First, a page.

These later stage VC deals in the region are important components of the work taking place here, but the data tells an interesting story about the future of the region. The United States VC market as a whole is weighted towards Early Stage VC deals, followed by Later Stage, and Seed stage deals. This is mirrored BTCs, but we also see some divergence in deals done BTCs. We see that there is a similar percentage of Later Stage deals being done, but a greater proportion of Seed deals conducted. This is a product of the seed-stage focus of the smaller funds, and a deeper deal pipeline in the seed stage as opposed to later stages. This could be a long-run phenomenon in the region, but we generally believe that we will reach the coastal steady-state in deals by stage as the middle of the country continues to support companies through their lifecycle.
THE 2016 EXIT ENVIRONMENT
2016 was a less-than-spectacular year for venture-backed exits. The IPO market didn’t see a single VC-backed offering in January, with only six listings in the first quarter, and a total of 39 over the course of the entire year. This marks a 49% YOY decrease, and a nearly 70% decrease from the IPO market’s high-water mark in 2014. The IPO market’s weakness is a product of several factors, including market volatility and the increasing regularity of significant late-stage private placements. Complementing the generalized weakness in the IPO market is a downturn in the number, but not size, of the M&A market. The M&A market drove the lowest number of exits during the past half-decade; however, the median disclosed deal size in 2016 nearly doubled that of 2015. This shift toward larger deal sizes is most likely a secondary effect of the increasingly large VC rounds being allocated to startups, but the nationwide decline in the raw number of M&A exits is not as easily explained.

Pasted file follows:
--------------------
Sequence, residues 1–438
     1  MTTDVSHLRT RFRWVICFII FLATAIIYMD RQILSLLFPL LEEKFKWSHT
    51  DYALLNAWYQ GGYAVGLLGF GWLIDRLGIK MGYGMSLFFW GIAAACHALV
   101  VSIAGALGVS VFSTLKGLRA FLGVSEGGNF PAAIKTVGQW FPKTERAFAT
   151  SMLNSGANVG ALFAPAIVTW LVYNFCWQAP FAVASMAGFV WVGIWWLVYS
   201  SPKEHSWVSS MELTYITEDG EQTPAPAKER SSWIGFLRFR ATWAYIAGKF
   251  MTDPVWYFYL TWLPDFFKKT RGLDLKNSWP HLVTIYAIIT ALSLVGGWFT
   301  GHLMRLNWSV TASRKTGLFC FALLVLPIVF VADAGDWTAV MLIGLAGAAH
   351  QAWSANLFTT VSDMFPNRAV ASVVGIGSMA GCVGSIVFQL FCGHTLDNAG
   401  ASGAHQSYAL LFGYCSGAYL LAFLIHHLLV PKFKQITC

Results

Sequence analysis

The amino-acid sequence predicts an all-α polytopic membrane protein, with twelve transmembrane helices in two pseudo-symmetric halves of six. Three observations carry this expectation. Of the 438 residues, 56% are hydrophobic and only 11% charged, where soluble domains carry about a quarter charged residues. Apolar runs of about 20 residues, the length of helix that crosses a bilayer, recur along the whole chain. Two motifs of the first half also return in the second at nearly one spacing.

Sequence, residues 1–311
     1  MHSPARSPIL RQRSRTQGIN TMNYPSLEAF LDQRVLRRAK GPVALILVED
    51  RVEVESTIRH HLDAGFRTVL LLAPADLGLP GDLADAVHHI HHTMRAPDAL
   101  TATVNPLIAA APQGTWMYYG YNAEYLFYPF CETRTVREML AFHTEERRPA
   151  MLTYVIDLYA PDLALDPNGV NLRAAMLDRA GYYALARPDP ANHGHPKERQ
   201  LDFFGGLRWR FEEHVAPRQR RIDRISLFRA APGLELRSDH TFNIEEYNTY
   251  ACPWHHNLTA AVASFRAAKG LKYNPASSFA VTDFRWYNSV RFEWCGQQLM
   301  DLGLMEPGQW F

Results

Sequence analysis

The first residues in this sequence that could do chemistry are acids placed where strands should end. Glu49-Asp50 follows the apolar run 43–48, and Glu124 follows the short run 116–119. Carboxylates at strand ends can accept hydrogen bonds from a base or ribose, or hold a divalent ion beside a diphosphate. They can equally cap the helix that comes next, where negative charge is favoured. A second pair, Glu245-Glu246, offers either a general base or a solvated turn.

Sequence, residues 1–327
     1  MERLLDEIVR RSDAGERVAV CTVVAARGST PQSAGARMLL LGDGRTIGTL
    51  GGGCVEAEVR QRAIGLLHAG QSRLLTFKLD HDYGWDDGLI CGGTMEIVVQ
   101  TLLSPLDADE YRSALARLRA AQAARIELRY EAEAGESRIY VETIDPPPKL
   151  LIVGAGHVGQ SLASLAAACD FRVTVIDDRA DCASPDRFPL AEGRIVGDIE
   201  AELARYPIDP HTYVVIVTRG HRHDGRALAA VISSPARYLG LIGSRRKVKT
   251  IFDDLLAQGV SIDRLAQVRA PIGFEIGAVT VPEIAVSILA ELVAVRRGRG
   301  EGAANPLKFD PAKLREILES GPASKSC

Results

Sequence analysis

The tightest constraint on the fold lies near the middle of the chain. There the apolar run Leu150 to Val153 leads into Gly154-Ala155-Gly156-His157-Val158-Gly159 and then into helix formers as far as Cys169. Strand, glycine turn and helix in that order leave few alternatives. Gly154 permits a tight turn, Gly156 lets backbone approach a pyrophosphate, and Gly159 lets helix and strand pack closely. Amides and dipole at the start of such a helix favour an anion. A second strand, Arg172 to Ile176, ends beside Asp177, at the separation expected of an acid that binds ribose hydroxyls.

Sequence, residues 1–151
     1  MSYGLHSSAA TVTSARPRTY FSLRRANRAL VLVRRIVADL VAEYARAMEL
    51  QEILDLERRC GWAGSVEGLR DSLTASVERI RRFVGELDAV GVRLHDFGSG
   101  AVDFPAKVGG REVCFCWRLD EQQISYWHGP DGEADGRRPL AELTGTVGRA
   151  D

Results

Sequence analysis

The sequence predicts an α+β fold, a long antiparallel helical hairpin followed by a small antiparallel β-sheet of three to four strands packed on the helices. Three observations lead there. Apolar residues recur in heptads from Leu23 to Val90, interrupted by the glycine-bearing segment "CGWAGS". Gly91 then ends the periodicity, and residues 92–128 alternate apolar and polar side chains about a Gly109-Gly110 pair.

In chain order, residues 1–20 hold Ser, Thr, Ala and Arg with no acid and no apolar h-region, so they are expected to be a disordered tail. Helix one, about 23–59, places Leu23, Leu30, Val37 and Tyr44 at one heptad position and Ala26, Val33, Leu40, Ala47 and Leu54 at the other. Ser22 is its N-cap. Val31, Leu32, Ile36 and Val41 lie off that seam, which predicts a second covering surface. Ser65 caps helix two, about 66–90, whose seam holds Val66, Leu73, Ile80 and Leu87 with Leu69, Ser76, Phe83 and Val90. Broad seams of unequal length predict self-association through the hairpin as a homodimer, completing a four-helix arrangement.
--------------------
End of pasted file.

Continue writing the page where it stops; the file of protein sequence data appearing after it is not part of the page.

Within this environment of relatively sparse IPO opportunities, and megadeals on the M&A side, we would expect to see a weakened BTCs exit marketplace. We have recorded data about the exits that took place in our region this year, and below we outline some of the insights we have gleaned from this year’s data.
Throughout 2016, we mostly see common-sense results that fit with the conclusions reached so far in this report. Of the 149 exits that occurred BTCs, 95% were through the M&A channel, while only seven exits came via IPO. Fitting with the previous idea that BTCs companies generally are of smaller valuations, the average disclosed exit size of $98.06MM for acquisitions and $35.72MM for IPOs, was significantly smaller than figures recorded in the national aggregate data of $418MM and $81.6MM, respectively. The sector breakdown of these exits largely fits with the historical funding trends discussed above, pointing to a strong match between investments being made in the region, and exit channels for startups. This investment-exit matching can help explain recent increases in the importance of the region in national exit data. Indeed, while the region has historically only drawn about 16% of total investment deal volume, it accounted for 20.5% of all US M&A exits in 2016, and nearly 18% of IPOs. This impressive showing is yet another confirmation that the region presents strong opportunities for VCs with an eye toward investments with strong exit potential through the M&A channel.